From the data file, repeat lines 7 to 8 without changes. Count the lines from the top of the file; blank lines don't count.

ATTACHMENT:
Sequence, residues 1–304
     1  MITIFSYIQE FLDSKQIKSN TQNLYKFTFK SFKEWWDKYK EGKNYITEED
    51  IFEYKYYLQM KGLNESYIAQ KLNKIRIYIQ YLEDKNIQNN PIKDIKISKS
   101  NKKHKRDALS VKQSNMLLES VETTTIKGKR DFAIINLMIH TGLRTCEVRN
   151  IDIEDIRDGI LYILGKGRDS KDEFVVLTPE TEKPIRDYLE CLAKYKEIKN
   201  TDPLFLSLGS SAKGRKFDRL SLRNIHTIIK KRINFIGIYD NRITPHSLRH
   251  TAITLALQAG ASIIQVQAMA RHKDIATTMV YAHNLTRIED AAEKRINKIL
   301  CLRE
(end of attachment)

   251  TAITLALQAG ASIIQVQAMA RHKDIATTMV YAHNLTRIED AAEKRINKIL
   301  CLRE